Why So Serious: Where's the Humour in Music Journalism?

We're still trying to prove to our parents – and ourselves – that we're real professionals doing important things with our lives.

Noisey isn't a music blog. I mean, we are, but we're not. We're not going to create a multimillion-dollar marketing campaign surrounding the announcement of a Grimes GIF residency. We're not going to bring you an in-depth exclusive with Thom Yorke on how brewing kombucha is a lot like writing concept albums. Our capslock album reviews are given ratings in terms of "dutch guts," for fuck's sake. We do things differently around here.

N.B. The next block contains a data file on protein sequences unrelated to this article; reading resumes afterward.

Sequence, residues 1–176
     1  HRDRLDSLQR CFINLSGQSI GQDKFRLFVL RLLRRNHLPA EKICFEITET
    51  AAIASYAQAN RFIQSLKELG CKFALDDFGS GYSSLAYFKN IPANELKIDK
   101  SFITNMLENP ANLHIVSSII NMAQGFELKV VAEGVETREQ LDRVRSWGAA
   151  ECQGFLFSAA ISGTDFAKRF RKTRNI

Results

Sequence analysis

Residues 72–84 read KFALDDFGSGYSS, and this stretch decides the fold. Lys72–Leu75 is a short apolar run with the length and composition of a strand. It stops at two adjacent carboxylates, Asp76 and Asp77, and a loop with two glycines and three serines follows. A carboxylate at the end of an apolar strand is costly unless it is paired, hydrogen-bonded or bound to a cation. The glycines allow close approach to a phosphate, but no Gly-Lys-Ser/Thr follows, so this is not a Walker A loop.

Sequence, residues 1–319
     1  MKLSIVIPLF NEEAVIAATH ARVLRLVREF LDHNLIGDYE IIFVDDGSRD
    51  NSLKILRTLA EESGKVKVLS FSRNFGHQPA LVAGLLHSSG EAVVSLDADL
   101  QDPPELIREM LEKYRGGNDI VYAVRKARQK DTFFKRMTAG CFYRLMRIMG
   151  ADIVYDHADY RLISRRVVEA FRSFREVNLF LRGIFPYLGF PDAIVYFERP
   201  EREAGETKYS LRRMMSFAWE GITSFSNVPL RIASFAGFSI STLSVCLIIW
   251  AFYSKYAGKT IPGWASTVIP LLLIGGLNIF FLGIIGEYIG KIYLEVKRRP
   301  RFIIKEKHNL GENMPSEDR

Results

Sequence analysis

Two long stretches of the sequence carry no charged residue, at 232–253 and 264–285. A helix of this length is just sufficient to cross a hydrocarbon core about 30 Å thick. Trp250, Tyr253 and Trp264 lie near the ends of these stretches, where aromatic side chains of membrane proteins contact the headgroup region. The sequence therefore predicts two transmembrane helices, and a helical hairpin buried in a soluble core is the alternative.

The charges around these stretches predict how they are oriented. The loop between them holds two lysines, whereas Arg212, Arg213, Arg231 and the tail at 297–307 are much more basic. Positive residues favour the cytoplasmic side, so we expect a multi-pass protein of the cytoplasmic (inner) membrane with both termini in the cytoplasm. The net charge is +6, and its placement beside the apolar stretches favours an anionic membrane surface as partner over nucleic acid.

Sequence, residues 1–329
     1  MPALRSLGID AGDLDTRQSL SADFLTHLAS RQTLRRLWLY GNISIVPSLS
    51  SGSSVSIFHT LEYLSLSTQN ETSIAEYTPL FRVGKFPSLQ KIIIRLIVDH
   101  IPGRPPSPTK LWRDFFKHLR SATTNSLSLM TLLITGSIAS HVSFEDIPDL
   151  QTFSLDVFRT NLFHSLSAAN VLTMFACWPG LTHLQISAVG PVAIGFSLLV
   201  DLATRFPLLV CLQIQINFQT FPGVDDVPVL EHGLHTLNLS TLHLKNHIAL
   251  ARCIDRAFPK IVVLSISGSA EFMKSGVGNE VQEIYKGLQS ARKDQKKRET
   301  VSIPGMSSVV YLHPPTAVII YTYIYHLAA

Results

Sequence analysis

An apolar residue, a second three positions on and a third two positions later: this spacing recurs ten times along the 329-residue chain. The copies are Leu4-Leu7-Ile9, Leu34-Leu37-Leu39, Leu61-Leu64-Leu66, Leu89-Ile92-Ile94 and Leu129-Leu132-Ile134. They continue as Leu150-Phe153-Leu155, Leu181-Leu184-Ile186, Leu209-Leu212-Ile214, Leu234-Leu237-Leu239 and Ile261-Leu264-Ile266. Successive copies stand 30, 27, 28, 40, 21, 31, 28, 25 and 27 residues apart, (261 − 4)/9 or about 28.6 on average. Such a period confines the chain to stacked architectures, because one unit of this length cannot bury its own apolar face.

As Associate Editor of Noisey, I spend all day everyday hooked up to Noisey's Twitter @replies like a steady IV drip of pithy criticism and unsolicited artist spam. Sure, it's probably caused irreparable damage to my mental health, but it's the price I pay for guest list spots to shows and free Red Bulls from the VICE reception fridge (yes, Mom, I get health care too). I really don't care too much about the snark and the snarls—"Haters gonna hate" might as well have been a clause in my employment contract. But what's really confounding for me to see is the amount of people who, for lack of a better phrase, just don't "get it." These are the people who respond to Luke Winkie's undoubtedly absurd comparison of Ty Segall and Skrillex by proclaiming that there is "no hope for the future." These are the people whose gut reaction to a post about a nine-year-old rapper named "Lil Poopy" is "This shit is a disgrace to hip hop and the parents of this kid need to be choked." The people who continue to tirelessly threaten Ben Shapiro's life for an obviously-tongue-in-cheek takedown of fucking Phish. To these people, and the rest of the music writing community, I have one question: Why so serious?

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